I stepped from Plank to Plank
A slow and cautious way
The Stars about my Head I felt
About my feet the Sea.

I knew not but the next
Would be my final inch -
This gave me that precarious Gait
Some call Experience.

Emily Dickinson, c. 1864

Sunday, March 17, 2013

Another week rolls around

Today is St. Patrick's Day, so I had to find a bit o' green for the picture. This was taken last Thursday in the forest; moss is everywhere here in the Pacific Northwest. And what has been on my mind this past week? Other than the usual trips to town for my daily workouts at the Y, the coffee shop crowd along with the obligatory latte, I just finished the third book in a trilogy of memoirs written by Jennifer Worth. She was a midwife during the 1950s in the East End of London and captured a time and place that exists no longer. She was only a few years older than me, and she died at the age of 75 in 2011. She wrote the books towards the end of her life. A BBC series based on the books, Call the Midwife, captured my imagination last season, and I look forward to the second season.

Jennifer was able to capture not only the essence of the period, with characters who sprang to life on the page, but she also managed to reproduce the Cockney accent in dialog. The first book has an appendix explaining the way she worked to portray it in the written word. I learned about the "glottal stop" which typifies the accent. In one story, which has shopkeepers testifying in court, a translator is required to allow the judge to understand what is being said. My friend Peggy told me that she used the subtitle feature on her TV when she watched the series, so she could understand the heavy brogue. It's funny, I have no problem at all understanding the Cockney accent, but sometimes the words themselves are puzzling.

Although I enjoyed the books tremendously, as Worth is an outstanding author, I must admit that I also had a few sleepless nights over some of the more traumatic events that occurred in the books. The hard lives that East Enders endured, and especially the awful circumstances of many of the girls and women, hit me hard. I had nightmares about some of the workhouse stories and the exploitation of young girls. I guess the fact that this was not fiction, but her recollection of actual events, was part of the reason I found it difficult. Not to mention that she is a brilliant writer.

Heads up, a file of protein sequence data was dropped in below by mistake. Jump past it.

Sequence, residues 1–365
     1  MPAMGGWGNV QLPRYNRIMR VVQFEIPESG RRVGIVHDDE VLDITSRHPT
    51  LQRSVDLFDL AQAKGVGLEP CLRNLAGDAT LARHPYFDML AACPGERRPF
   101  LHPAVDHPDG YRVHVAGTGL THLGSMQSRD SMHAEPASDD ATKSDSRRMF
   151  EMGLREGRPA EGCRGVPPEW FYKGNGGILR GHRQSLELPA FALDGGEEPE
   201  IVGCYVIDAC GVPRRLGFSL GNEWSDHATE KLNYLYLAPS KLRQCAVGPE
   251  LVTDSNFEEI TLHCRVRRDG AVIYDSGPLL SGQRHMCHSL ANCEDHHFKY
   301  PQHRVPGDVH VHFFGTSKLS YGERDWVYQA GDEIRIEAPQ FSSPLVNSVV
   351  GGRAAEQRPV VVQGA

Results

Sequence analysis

It has also made me think of how the written word gives us a chance to leave behind us a legacy that is unique to each of us. I know how much I love to read certain blogs that are written about the daily lives of my virtual friends. Sometimes nothing much happens in them, but I am given a chance to peek into the hearts and minds of those different from me, people who look at life from a different perspective, and I am enriched. But blogs are not permanent records, as books are. Or are they? And what difference does it make? Anything "permanent" is only a difference in degree, as all written words will eventually fade into obscurity.

Years ago, when I came down with infectious hepatitis, I spent months flat on my back in bed. I was so weak and feeble that I could only manage to walk a few steps every day. The doctor told me to honor that weakness and not try to push my way through it, or I would be in danger of becoming chronically sick. So I read a lot and discovered my favorite poet, Emily Dickinson. My caretaker, Robert, introduced me to her and filled me with biographies of this very singular person. She has been gone for more than a century now, but her poems live on. There are scholars who still ponder her poetry and make entire careers out of its study. She lived in New England in the mid-nineteenth century, and her poetry was not understood back then. The few poems that were published during her lifetime were altered to fit the conventional poetic rules of the time, and she refused to submit any more. It was only after her sister discovered a chest filled with them when Emily died at 55 (in 1886) that the breadth of her work was known. It wasn't until 1955 that her works were published without any alterations.